Congress has limited federal courts' jurisdiction over determinations by the Social Security Administration (“SSA”). Under the Social Security Act, federal courts may only review a “final decision of the Commissioner of Social Security made after a hearing.” 42 U.S.C. § 405(g). Although the Social Security Act does not define the term “final decision, ” the Commissioner has done so by regulation. Weinberger v. Salfi, 422 U.S. 749, 751 (1975) (recognizing power of Commissioner to define “final decision”); see also 42 U.S.C. § 405(a) (outlining Commissioner's powers). Under the applicable regulations, a claimant must first complete the SSA's administrative review process before he can obtain a judicially reviewable final decision. 20 C.F.R. § 416.1400(a)(1)-(5) (enumerating the four steps in the administrative review process); Califano v. Sanders, 430 U.S. 99, 108 (1977) (Section 405(g) “clearly limits judicial review to ... a ‘final decision' of the [Commissioner] made after a hearing.”). “A final decision has two elements: (1) presentment of the claim to the Commissioner, and (2) complete exhaustion of administrative remedies.” Kildare v. Saenz, 325 F.3d 1078, 1082 (9th Cir. 2003). Without a final agency decision, a district court has no subject-matter jurisdiction. 42 U.S.C. §§ 405(g) and 1383(c); 20 C.F.R. § 416.1400(a)(5); Sanders, 430 U.S. at 108-09.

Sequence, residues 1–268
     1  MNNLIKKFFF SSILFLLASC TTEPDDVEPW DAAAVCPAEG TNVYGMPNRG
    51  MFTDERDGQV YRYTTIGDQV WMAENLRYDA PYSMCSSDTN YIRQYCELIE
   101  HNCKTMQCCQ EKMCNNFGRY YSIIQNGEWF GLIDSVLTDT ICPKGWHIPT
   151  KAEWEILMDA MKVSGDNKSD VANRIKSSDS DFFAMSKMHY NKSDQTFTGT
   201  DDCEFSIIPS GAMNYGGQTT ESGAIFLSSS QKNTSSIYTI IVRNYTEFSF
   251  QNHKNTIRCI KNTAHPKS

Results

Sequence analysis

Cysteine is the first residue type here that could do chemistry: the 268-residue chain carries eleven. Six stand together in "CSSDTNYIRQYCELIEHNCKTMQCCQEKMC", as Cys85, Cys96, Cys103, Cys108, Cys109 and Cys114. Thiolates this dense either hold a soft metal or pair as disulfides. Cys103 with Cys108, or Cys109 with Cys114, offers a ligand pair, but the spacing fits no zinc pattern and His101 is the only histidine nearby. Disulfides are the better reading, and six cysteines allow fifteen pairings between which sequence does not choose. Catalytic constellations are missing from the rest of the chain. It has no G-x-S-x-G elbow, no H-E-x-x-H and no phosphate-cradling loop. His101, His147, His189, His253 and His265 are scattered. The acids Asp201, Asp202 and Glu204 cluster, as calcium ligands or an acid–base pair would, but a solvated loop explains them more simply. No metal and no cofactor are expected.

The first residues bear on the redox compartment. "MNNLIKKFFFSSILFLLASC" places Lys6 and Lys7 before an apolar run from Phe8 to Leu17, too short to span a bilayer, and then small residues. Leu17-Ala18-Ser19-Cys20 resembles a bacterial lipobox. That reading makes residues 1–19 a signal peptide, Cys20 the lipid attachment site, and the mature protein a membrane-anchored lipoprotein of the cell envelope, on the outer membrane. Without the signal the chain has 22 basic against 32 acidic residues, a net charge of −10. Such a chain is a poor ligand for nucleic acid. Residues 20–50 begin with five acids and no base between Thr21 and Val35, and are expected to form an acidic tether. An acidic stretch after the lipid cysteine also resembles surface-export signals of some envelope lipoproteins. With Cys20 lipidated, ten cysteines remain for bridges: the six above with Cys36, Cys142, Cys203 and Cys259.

DISCUSSION

         A. Exhaustion

         The SSA's prescribed administrative remedies consist of the following four steps: First, the SSA provides the claimant with an initial determination. 20 C.F.R. § 416.1400(a) (1). Second, if the claimant is dissatisfied with the initial determination, he may ask the SSA to reconsider it. 20 C.F.R. § 416.1400(a)(2). Third, if the claimant is dissatisfied with the reconsidered decision, he may request a hearing before an ALJ. 20 C.F.R. § 16.1400(a)(3). And finally, if the claimant is not satisfied with the ALJ's decision, he may request that the SSA's Appeals Council review the ALJ's decision. 20 C.F.R. § 416.1400(a)(4). The Appeals Council may either grant review or deny the request and allow the ALJ's decision to stand as the final decision of the Commissioner. 20 C.F.R. § 416.1467.

         There is no final decision subject to federal judicial review unless and until all four steps of the administrative review process have been completed. 20 C.F.R. § 416.1400(a) (5). If the claimant fails to complete all four steps of the administrative review process, the SSA's initial determination is binding and the claimant may not seek judicial review in the federal courts. See 20 C.F.R. §§ 416.1405, 416.1421, 416.1455, 416.1481.

         Here, Plaintiff failed to complete all four steps of the administrative review process. In January 2018, the ALJ dismissed Plaintiff's request for a hearing because Plaintiff failed to appear. Dkt. 9, Ex. 2, Voegele Dec., p. 5, Exh. 33 (Notice of Dismissal). Because Plaintiff did not obtain a “final decision of the Commissioner made after a hearing to which he was a party, ” as required by 42 U.S.C. § 405(g), he has plainly not exhausted his administrative remedies. Without a final ...